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      From slavery to sainthood

      On the statue in front of St. Peter's School in Quincy
      If you grew up in Quincy, chances are you have heard the story of Augustus Tolton.

      In recent years, an effort has been set forth to rise Tolton to sainthood. Tolton has been gone for over one hundred years, but has been the talk of the town recently. Cardinal Francis George of the Arch Bishop in Chicago began the canonization process for Tolton in 2010 ?| a process that normally can take quite some time to finish. According to Bishop Joseph Perry of the Archdiocese in Chicago, things are moving faster than normal.

      Augustus Tolton was the first African American Catholic priest. He was born into slavery in Brush Creek, Missouri in 1854 under the name Augustine Tolton. Tolton??s mother managed to escape with her children and find a way to Quincy. Tolton grew up a Catholic.

      When he reached Quincy, his mother looked for a parish for Tolton to be a part of. Saint Boniface was the first place they looked. Since Tolton was African American, he faced prejudice, resulting in him looking to another church.

      Tolton was able to continue his faith through Saint Peter??s church in Quincy.

      It is said he developed a calling to the priesthood at Saint Peter??s. While in search for a seminary that would ordain him into priesthood, he found no one who would ordain an African American man.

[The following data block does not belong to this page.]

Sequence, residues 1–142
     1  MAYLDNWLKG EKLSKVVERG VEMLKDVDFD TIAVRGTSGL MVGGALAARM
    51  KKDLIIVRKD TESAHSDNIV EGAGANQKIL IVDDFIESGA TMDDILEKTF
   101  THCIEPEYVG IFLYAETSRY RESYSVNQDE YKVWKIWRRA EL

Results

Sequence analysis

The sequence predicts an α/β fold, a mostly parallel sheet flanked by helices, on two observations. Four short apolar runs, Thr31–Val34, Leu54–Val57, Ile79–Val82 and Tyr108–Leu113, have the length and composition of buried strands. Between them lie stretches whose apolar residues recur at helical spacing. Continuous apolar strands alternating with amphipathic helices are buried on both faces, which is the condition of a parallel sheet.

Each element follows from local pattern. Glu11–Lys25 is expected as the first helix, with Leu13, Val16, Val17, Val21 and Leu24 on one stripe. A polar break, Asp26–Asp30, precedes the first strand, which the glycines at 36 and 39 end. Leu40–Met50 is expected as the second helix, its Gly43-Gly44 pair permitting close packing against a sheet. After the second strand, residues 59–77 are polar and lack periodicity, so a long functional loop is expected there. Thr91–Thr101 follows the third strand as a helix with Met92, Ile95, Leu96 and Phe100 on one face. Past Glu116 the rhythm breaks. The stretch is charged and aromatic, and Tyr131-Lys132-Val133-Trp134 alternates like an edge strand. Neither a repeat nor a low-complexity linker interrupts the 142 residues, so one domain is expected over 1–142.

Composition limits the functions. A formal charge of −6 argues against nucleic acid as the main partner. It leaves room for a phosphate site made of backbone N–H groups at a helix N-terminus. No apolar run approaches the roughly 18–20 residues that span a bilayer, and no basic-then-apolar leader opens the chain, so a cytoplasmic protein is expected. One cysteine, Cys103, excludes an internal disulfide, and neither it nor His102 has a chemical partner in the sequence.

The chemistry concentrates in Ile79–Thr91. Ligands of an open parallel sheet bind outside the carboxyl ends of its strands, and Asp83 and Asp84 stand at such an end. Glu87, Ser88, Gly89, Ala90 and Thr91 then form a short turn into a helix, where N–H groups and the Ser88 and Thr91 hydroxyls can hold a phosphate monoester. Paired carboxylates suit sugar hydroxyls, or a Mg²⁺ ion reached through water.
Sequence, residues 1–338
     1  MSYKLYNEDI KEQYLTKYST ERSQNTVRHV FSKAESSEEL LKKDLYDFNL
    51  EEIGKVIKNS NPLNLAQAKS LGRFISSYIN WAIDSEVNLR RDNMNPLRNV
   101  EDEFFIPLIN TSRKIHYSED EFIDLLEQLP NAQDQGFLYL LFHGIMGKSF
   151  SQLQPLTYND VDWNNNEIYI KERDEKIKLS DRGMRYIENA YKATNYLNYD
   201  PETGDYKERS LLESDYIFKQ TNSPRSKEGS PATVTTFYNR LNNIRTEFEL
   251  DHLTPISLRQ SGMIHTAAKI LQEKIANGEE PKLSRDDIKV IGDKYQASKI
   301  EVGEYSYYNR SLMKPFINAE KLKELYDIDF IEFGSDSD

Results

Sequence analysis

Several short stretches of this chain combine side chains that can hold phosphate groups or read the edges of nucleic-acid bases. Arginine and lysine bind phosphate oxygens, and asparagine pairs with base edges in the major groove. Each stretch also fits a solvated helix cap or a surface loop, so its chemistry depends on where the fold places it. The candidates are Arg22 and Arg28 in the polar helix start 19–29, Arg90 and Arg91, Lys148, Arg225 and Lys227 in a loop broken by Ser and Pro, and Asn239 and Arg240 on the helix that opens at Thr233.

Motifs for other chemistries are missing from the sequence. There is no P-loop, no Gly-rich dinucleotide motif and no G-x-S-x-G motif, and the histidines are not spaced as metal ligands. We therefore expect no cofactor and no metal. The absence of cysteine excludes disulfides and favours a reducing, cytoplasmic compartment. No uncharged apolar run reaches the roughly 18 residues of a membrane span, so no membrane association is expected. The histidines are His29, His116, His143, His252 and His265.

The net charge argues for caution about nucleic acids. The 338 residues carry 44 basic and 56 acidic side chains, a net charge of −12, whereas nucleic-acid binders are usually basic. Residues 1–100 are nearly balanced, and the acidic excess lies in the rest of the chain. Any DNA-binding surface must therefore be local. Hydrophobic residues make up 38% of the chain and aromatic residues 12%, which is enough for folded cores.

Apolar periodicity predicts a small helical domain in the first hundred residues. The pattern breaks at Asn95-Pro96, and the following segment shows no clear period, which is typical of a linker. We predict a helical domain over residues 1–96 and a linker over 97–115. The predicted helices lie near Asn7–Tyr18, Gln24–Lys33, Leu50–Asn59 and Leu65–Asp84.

Father McGirr was a priest at Saint Peter??s at the time and was able to find a mission church in Rome, Italy who would accept Tolton.

      Tolton was ordained in Italy, only to be sent back to Quincy to begin his works as a minister. He held his first mass at Saint Boniface, only to start an African American parish soon after called Saint Joseph. This parish was owned by Saint Boniface. His parish eventually brought parishioners from Saint Boniface.

      Saint Boniface eventually had Tolton relocated to the city of Chicago, where he started the first officially recognized African American Catholic parish in the country, Saint Monica??s.

      A heat wave hit Chicago in July of 1897, taking the lives of many around the city ?| one of which being Tolton. He suffered a heat stroke blocks away from the train stop.

      His body is buried in St. Peter??s Cemetery in Quincy, where he wished to be buried.

      Click on the Google map for the original interactive version.

      Over a century later, Tolton has been named a Servant of God, which is step one in the process of canonization.

      Bishop Perry is the postulator for the canonization process, which makes him responsible for investigating Tolton??s life and proving him worthy of sainthood.

      The next step of the process is exhumation, which is where they dig up his body to check its condition. Once the body is identified to be Tolton, they will look to prove a miracle of Tolton??s, which would move him up to a Venerable, which is the next step on the ladder to sainthood.

      The miracle being investigated took place in April of 2011, where prayers to Tolton may have helped someone come off life support to show an unseen recovery.

      Since Tolton requested to have his body buried in Quincy, after the exhumation process, his remains will be moved to his shrine, which according to Bishop Perry will most likely be Saint Boniface in Quincy.

      Bishop Perry is unsure about how long the canonization process is expected to take, but he says that since everything in Tolton??s life is a written history, that things will move relatively quickly. The exhumation process is expected to take place this upcoming year.